Nacho (Jack Black) was orphaned at a tender age and grew up in a Mexican monastery. Now, he’s all grown and the monastery’s cook, deeply caring for the orphans he feeds. But, his food is terrible and he blames the ingredients he is forced to use. He wants to buy better food for the kids he cares so much for and comes up with a plan: earn the money he needs by becoming a Lucha Libre wrestler. But, the martial art is forbidden by the monks and he is forced to lead a double life. By day, he is the unassuming cook. But, by night, he dons his mask and cape and becomes “Nacho Libre.”
Laura's Review: C+
Nacho (Jack Black, "School of Rock," "King Kong"), the orphaned child of a Swedish missionary and Mexican deacon, now cooks for the orphans and monks in the monastery where he grew up. But his food is terrible. When the day old tortilla chips donated for the orphans are stolen from him by a rail thin street guy, Nacho gets an idea - he will pursue a forbidden childhood passion by teaming up with this guy as luchador wrestlers to make money for better food as the masked "Nacho Libre." "Napoleon Dynamite" director Jared Hess and his cowriting brother Jerusha team up with "Black and White Productions'" writer Mike White ("The School of Rock") and producer/star Jack Black for some inspired silliness by way of Mexican Lucha Libre wrestling popularized in movies of the forties and fifties. The only problem is that their inspiration is long in coming. The movie manages to float, though, on the capable shoulders of the dementedly talented Black and a well chosen supporting cast. Nacho convinces that feisty street bum (newfound talent Héctor Jiménez) to transform into Esqueleto, the Laurel to Nacho's Hardy, with the lure of 200 pesos. The duo get themselves whooped by everyone from reigning Ramses (Cesar Gonzalez) to "Satan's Helpers," a pair of midgets known in the biz as 'minis.' As Nacho leads a double life, he also embarks on a fantasy one with Sister Encarnación (Ana de la Reguera), the lovely and innocent nun he woos with toast. When his robes catch fire with an altar candle one day, Nacho's wrestling tights are exposed beneath his friar's rope, but he rebounds in the young holy woman's eyes with his impassioned speech about taking on Mexico's greatest fighters in order to better the lives of the orphans. Ofttimes, especially in early goings, one finds that one is reacting to the humor factor in the off kilter, Danny Elfman composed music playing with a scene than anything that has been written for it. Much of the humor is pretty cliched, like last rites for a corpse that is not dead or two priests vying for the attention of a pretty nun, or yes, even fart jokes. Running 'gags,' like doll collections and the magician's tablecloth trick, are just repeated, not funny (although Esqueleto's preferred treat of buttered corn on the cob on a stick and Nacho's motorized framework vehicle work). Nacho's retreat into the desert might go on for forty days and forty nights, but it is not mentioned. Jack Black, however, he of the furious yet controlled eyebrows, devilish facial contortions and inspired physical comedy (he sports his bulk with gusto, as graceful on his feet as Gleeson), is so appealing in the title role that good will is ensured. Héctor Jiménez, sporting a mouthful of teeth sprouting in all directions, is a brilliant sidekick and socks over the film's first laugh-out-loud line. Ana de la Reguera, who looks like a more even featured Penelope Cruz, embodies sweetness and displays the comic chops of a silent film comedienne with her reactions. Also of note is Richard Montoya ("Encino Man") as the unevenly mustachioed Guillermo, another monk with eyes for Encarnación and Darius Rose ("Bruce Almighty" as overweight orphan Chancho who knows Nacho's secret. Cinematographer Xavier Pérez Grobet ("Nine Lives") evokes the look of old spaghetti westerns (Chanco is often shown in lower left frame against a sweeping vista). Costumer Graciela Mazón ("The Legend of Zorro") does a great job assembling Nacho's costumes from 'found' materials (rosary beads, altar cloths) and gets laugh from his and Esqueleto's leisure wear as well. "Nacho Libre" is a disappointment from the creators "Napoleon Dynamite" and "The School of Rock" but it still packs some comedic punch.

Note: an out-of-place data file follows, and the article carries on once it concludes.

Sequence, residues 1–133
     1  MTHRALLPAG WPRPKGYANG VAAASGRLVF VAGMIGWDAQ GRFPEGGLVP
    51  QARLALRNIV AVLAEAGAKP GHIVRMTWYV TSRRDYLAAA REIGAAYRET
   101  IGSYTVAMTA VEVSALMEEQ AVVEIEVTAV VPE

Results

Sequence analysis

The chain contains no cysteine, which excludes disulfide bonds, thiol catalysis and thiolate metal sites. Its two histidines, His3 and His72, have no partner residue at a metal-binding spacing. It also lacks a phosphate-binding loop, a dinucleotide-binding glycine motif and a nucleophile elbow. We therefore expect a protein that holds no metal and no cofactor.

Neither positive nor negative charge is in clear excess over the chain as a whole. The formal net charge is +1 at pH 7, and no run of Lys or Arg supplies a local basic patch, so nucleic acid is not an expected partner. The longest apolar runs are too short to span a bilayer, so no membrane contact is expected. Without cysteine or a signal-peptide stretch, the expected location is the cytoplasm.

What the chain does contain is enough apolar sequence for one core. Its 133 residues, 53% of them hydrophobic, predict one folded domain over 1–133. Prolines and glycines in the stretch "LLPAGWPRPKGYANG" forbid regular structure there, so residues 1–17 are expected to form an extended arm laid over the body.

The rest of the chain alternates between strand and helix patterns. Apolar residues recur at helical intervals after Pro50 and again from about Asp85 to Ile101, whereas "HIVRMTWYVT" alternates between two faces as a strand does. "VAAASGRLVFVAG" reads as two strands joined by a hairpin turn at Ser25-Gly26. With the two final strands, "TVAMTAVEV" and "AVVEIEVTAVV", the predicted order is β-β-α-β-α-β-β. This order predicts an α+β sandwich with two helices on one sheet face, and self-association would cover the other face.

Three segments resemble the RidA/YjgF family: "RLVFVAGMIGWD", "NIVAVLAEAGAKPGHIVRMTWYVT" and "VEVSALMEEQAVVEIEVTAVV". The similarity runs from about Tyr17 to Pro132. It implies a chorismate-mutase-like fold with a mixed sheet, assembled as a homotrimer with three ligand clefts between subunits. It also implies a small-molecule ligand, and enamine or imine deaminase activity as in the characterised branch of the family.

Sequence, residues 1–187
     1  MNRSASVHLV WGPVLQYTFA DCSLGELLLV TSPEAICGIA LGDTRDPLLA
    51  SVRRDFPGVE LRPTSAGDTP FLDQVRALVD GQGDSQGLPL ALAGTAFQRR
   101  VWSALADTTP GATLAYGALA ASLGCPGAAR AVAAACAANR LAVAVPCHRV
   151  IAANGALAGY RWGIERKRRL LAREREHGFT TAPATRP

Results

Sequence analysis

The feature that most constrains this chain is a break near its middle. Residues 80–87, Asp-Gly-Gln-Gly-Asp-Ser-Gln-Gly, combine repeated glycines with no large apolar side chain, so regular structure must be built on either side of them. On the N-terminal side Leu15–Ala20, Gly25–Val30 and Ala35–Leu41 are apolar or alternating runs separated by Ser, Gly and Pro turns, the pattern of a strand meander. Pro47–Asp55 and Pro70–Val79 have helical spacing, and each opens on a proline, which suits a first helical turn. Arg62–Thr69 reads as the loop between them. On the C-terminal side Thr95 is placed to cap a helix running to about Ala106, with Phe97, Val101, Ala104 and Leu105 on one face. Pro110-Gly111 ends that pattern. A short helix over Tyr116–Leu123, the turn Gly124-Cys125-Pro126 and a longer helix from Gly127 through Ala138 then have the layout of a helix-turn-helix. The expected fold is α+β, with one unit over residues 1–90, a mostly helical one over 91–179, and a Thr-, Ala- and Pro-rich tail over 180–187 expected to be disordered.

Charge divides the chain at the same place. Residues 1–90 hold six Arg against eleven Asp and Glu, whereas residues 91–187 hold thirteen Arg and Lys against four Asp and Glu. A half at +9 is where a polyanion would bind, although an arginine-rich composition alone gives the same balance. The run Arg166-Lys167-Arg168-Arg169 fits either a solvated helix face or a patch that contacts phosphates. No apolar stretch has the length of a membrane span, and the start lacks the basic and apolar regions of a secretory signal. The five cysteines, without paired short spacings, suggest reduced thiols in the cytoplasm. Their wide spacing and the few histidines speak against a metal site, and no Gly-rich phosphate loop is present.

Robin's Review: B+
Maddin’s 80-minute treatise on the city of his birth is a fascinating blend of formats as he tells the history of Winnipeg and its denizens. His recreations, particularly the scenes of a horse graveyard that became a lover’s lane site for the town’s citizens, are striking in their look and feel. And, life in this wintry city goes on despite the cold and snow. Maddin discusses Fun Park, an amusement park that functions year round. (Having been to Quebec City in the dead of winter and taking a ride on its famous ice slide at -17 degrees below zero, I can attest to the sturdiness of our Canadian neighbors in dealing with their bitter winters.) My Winnipeg” may have limited appeal to film goers, but buffs familiar with Guy Maddin’s work will appreciate his imaginative view of his hometown. His striking combo of fact and fiction (was there really a local Winnipeg TV show called “Ledge Man,” a serial that had the titular character threatening suicide by jumping off a building ledge, for whatever reason, daily? apparently, there was!) keep the eye interested and the mind wondering what is real or not. This is a densely packed and whimsical autobiography of a man planning to leave his beloved home for the last time.